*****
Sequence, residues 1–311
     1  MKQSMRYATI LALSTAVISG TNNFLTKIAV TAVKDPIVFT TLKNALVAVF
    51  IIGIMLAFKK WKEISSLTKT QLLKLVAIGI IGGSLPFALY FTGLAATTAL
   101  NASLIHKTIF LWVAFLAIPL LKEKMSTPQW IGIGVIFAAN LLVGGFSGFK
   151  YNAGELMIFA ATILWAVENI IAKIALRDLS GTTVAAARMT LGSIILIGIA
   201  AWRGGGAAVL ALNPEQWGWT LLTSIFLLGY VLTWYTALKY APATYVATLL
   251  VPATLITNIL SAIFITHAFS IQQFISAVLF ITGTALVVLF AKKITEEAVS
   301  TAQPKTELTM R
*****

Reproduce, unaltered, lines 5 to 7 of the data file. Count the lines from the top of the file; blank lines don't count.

   151  YNAGELMIFA ATILWAVENI IAKIALRDLS GTTVAAARMT LGSIILIGIA
   201  AWRGGGAAVL ALNPEQWGWT LLTSIFLLGY VLTWYTALKY APATYVATLL
   251  VPATLITNIL SAIFITHAFS IQQFISAVLF ITGTALVVLF AKKITEEAVS